Setting up a tenants' or residents' association

If you want to improve something about your building or local area, you can join or set up a residents’ association.

If an association only includes people who rent their home, it can sometimes be called a tenants’ association.

You could get support from the council or your housing association if you rent from them.

What a residents’ association is

A residents’ association is a group who work together to improve their local area. An association can:

  • challenge antisocial behaviour

  • represent views to a landlord

  • protest against planned developments

  • campaign for shared community spaces, like play parks or shared gardens

Who can set up a residents’ association

Any group of 3 or more people can set up a residents’ association. Usually membership is for people who are 16 or over.

An association can include people who:

  • rent from a private landlord or letting agent

  • rent from the council or a housing association

  • own their home

They can be people who either:

  • live in the same tenement or block of flats

  • live in the same street, estate or local area

  • have the same landlord

Check if there’s already an association in your area

Check local notice boards in places like libraries or community centres. You can also check on local social media groups.

If you rent from the council or a housing association, ask them if there is a tenants’ association you can join.

If there’s not, you can set one up yourself.

How to set up a residents’ association

Arrange a public meeting. Advertise it locally, in places like:

  • libraries

  • community centres

  • GP surgeries

  • post offices

  • local groups on social media

Decisions you'll need to make

At your first meeting you should decide on:

  • the aims of your association

  • criteria for membership

  • what geographical area you’ll cover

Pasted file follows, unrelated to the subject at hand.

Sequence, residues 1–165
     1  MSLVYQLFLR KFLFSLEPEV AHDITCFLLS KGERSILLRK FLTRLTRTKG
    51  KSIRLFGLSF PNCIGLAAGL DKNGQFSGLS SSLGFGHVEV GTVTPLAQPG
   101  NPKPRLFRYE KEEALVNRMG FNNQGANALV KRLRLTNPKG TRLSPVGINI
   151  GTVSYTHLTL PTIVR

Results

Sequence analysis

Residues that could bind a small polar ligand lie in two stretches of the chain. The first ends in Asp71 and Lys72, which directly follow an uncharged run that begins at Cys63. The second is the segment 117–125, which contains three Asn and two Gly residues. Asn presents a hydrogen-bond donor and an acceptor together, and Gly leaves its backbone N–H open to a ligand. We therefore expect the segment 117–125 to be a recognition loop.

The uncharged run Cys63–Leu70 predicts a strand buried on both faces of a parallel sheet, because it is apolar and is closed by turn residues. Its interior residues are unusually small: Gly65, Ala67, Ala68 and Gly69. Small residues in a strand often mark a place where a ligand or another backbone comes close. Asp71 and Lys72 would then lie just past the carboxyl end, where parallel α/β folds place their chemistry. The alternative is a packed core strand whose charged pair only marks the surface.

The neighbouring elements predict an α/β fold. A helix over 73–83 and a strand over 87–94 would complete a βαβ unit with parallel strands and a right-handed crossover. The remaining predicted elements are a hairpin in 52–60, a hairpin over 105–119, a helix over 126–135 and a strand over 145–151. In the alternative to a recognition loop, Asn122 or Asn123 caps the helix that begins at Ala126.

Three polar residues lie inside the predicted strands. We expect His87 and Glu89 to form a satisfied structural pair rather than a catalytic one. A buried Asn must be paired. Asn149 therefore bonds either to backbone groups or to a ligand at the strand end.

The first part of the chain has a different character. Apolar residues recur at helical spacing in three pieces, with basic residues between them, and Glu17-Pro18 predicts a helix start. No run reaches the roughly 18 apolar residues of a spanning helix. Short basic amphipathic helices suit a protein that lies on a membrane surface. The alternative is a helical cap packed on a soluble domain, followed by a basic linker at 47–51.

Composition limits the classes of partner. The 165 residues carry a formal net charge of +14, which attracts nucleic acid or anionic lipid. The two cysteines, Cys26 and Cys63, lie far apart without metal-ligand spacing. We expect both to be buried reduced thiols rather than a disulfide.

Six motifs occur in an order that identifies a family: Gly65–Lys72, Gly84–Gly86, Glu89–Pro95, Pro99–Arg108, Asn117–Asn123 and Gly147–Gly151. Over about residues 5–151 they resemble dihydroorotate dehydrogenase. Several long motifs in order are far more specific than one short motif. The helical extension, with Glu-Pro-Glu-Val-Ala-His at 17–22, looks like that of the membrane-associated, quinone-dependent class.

• where you’ll hold meetings and how often

Once you agree on these things, write them in a document and sign it. This is sometimes called a constitution. It should show that your association is:

  • democratic

  • accountable to the members

  • open to everyone in the community

Who to include

At your first meeting, establish a committee. This should include:

  • a chair, who’ll lead the meetings

  • a treasurer, who’ll handle money

  • a secretary, who’ll tell members about meetings and association business

Ask people for nominations then hold a vote to elect each role.

Encourage people to get involved

It’s important everyone feels included, so that you properly represent your community. Try to:

  • arrange meetings at a time that suits most people

  • let everyone express their opinion and respect their views

  • challenge discriminatory language, such as racist or sexist comments

  • provide an interpreter for anyone who needs it

Check if you can get funding

Some councils provide funding for community groups. Contact your council and ask what’s available.

You can also search Funding Scotland for community grants in your area.

Working with the council or a housing association

If your association includes tenants of a council or housing association, you can choose to register your association with them.

If you register, the council or housing association must consult you on:

  • rent increases

  • housing conditions

  • changes to their management policies

Before you can register

Usually your association will need to:

  • have members that rent from that council or housing association

  • have a publicly available constitution

  • keep proper accounting records

  • properly represent the views and interests of your members

Your local council usually has a tenant participation officer. They can help you get your association ready to register.

If your registration is refused

If the council or a housing association refuse to register your association, you can appeal.

You should get information about the appeals process when you apply.

If your appeal is unsuccessful, you can appeal to the Scottish Housing Regulator. For advice or help appealing a decision, contact the Tenants Information Service.

Last updated: 17 March 2023

Housing laws differ between Scotland and England.

This content applies to Scotland only.

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